1883 – New York Gothams owner John B. Day proposes a resolution to prohibit a team from signing a player who has broken the reserve clause of his contract. This resolution, eventually adopted by both the American Association and National League, effectively changes the reserve clause from a device to protect owners from their own greediness to a vindictive weapon to be used against uncooperative players.
The American Association expels the Philadelphia Athletics, who lost the last 22 games of the season, for violating the league’s constitution. The Quakers, a team which had played the 1890 season in the ‘City of Brotherly Love’ in the defunct Players’ League, replaces the ousted financially-strapped franchise.
Terry Forster, the American League saves leader in 1974 with the White Sox, signs a big contract with the Dodgers, becoming the team’s first free agent. Last season, the southpaw compiled a 6-4 record with a 4.43 ERA pitching for the Pirates and will post an 11-13 record during his five years in Los Angeles.
A groundbreaking ceremony is held to build what will eventually be known as Tropicana Field, a venue for hosting baseball fans from Tampa Bay and St. Petersburg, before securing a major league franchise. The Florida Suncoast Dome, the ballpark’s original name, will be completed in 1990, but will not field a MLB team until eight years later when the expansion Devil Rays play their first game, although, at various times during the interim, it’s rumored the White Sox, Mariners, and Giants are making plans to be tenants in the Pinellas County facility.
At a lunchtime celebration at Union Station, which includes a protest, the recently relocated Washington National League franchise announces its new name, logo, and colors. Using the official original name of the district’s team which used the nickname the Senators from 1901-56, the club clad in red, white, blue, and gold will be known as the Nationals.
Joey Votto of the Cincinnati Reds wins the 2010 National League Most Valuable Player Award. He defeats fellow 1B Albert Pujols of the Cardinals who had beaten him in voting for both the Gold Glove and Silver Slugger awards, by getting 31 of 32 first-place votes in recognition of his leadership role on a young Reds team that reached the postseason for the first time in 15 years. Carlos Gonzalez of the Rockies finishes third.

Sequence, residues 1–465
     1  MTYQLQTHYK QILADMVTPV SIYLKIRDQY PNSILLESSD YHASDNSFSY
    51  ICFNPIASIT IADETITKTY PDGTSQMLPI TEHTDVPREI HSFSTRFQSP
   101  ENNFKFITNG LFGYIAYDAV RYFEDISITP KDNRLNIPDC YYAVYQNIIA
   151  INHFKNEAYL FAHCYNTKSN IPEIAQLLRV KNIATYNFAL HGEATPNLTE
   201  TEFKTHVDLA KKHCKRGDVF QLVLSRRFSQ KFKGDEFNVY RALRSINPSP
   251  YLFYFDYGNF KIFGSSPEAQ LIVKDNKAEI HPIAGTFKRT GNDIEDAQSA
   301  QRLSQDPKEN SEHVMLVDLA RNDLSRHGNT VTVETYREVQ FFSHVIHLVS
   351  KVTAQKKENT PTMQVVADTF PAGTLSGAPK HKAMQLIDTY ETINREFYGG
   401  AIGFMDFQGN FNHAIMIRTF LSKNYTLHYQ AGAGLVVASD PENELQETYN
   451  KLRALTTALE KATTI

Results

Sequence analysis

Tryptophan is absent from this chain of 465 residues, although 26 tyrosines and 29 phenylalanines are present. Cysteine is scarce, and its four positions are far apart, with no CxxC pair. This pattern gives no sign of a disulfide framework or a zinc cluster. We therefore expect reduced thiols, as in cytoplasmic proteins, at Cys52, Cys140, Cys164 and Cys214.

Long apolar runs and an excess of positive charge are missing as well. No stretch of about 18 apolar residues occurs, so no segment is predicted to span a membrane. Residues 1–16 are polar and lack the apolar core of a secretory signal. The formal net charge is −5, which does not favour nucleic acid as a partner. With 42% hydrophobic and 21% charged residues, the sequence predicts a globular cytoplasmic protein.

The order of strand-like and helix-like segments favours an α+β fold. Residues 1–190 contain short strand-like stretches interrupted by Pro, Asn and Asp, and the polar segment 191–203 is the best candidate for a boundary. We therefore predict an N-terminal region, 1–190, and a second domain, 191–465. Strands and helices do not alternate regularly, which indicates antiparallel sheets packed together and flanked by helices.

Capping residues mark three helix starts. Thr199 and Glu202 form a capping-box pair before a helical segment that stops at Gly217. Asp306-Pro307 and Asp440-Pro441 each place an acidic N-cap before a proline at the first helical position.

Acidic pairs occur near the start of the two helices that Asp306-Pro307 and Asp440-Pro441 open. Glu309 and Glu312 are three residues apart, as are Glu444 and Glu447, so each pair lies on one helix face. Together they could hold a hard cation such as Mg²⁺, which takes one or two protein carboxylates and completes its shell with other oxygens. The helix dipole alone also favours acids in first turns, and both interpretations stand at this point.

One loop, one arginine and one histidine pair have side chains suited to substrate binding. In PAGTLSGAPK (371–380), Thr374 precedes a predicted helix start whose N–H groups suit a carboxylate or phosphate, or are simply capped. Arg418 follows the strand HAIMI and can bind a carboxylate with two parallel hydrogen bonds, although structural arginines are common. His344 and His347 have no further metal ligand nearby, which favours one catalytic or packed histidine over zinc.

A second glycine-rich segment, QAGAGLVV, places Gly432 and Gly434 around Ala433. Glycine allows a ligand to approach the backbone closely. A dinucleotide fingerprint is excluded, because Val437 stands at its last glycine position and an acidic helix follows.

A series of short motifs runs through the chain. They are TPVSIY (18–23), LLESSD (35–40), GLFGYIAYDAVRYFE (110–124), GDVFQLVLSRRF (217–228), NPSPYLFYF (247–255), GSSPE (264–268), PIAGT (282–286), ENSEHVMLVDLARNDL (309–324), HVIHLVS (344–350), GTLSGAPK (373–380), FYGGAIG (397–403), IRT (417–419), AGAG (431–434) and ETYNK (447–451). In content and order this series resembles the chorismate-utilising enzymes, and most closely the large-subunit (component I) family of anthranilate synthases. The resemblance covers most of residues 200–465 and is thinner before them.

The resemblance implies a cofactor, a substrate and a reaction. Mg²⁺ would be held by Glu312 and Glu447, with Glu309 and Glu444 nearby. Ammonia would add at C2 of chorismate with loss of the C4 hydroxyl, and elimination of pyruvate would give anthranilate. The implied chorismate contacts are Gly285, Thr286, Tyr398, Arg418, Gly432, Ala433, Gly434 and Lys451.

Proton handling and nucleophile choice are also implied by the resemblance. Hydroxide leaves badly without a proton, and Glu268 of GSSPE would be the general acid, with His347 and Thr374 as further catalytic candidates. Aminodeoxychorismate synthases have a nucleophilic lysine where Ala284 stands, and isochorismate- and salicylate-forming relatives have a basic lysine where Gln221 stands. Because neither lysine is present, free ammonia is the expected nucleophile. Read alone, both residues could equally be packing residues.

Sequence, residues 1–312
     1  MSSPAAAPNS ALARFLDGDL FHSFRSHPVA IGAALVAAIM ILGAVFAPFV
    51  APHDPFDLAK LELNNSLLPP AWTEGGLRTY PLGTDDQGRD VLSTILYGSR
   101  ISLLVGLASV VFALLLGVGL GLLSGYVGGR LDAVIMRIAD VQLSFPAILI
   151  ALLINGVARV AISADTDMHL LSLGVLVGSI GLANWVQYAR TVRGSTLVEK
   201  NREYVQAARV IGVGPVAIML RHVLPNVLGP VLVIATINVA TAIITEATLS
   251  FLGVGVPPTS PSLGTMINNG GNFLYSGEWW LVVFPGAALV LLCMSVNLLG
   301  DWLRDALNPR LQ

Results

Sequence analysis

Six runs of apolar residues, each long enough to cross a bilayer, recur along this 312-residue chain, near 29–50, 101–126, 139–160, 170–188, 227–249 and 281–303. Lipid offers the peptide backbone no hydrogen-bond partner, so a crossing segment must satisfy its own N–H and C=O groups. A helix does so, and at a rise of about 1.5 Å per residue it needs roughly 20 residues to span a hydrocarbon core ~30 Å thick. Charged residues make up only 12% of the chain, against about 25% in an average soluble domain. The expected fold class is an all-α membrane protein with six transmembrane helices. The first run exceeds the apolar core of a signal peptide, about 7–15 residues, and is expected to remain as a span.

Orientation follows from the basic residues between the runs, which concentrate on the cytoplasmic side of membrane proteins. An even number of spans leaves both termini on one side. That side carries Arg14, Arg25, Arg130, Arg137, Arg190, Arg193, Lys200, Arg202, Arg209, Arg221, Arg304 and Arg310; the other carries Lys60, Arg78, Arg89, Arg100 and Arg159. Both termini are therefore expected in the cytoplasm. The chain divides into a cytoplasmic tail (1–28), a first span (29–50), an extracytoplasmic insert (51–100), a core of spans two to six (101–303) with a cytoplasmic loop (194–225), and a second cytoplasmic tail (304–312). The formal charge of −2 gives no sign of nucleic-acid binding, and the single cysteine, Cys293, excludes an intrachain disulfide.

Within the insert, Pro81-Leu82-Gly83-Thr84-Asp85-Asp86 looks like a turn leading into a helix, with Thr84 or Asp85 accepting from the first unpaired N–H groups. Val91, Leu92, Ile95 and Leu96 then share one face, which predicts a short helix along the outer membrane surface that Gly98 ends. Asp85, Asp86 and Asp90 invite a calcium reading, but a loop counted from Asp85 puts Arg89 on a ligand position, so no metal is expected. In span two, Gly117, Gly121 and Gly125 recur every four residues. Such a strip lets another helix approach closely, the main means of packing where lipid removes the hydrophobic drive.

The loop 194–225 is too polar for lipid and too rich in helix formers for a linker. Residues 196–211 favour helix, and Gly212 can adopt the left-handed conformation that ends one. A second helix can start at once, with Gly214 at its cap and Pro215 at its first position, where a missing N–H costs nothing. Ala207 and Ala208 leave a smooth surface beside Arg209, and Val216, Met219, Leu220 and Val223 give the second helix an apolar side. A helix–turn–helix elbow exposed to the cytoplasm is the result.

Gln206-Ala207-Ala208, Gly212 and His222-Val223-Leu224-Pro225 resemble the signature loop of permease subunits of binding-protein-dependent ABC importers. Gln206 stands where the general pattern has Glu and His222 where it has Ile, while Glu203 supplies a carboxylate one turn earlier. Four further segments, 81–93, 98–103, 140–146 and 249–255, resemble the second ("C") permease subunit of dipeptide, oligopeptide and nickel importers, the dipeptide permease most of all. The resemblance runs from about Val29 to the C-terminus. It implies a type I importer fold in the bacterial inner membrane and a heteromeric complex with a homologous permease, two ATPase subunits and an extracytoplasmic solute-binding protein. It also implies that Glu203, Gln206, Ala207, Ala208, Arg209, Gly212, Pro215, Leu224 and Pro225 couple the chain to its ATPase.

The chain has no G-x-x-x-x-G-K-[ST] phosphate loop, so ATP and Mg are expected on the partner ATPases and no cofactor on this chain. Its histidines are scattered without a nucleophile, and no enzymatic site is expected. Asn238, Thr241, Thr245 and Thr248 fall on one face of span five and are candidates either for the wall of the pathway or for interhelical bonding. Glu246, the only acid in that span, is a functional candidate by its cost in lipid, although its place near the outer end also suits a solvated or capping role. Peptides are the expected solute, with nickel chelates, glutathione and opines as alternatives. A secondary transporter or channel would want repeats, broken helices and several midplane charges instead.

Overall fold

Joey Votto, receiving 31 of 32 first-place votes, is the overwhelming choice of the BBWAA to be the National League’s Most Valuable Player. The Reds’ first baseman, who helped Cincinnati reach the playoffs for the first time in 15 years, hit .324 and led the major leagues with a .424 on-base percentage.
OF Ryan Braun of the Milwaukee Brewers is voted the winner of the 2011 National League Most Valuable Player Award. Braun hit .332 with 33 homers and 111 RBI as the Brewers won the AL Central title for the first time. He outpolls Los Angeles’ Matt Kemp who flirted with a Triple Crown but whose team was left far out of the running for a postseason slot.
Ryan Braun (.332, 33, 111) becomes the first Brewer selected as the Most Valuable Player since1989 when Robin Yount won the award. The Milwaukee left fielder, who was listed first on 20 ballots and second on the rest of the 32 writers’ ballots, outpointed runner-up LA’s Matt Kemp (.324, 39, 126) in the overall voting, 388-332.
President Barack Obama awards the Presidential Medal of Freedom to broadcaster Vin Scully, the voice of the Dodgers for the past 67 seasons. The recently retired play-by-play announcer joins other baseball notables, including Hank Aaron, Moe Berg, Jackie Robinson, Roberto Clemente, Ted Williams, and Stan Musial, to have received the nation’s highest civilian honor.
According to a report in the magazine Forbes, Major League Baseball revenues in 2017 grew for the 15th consecutive year and passed the $10 billion threshold for the first time. The growing value of television rights and increasing ratings are the primary reasons behind this growth, in spite of a slight decline in attendance at ballparks.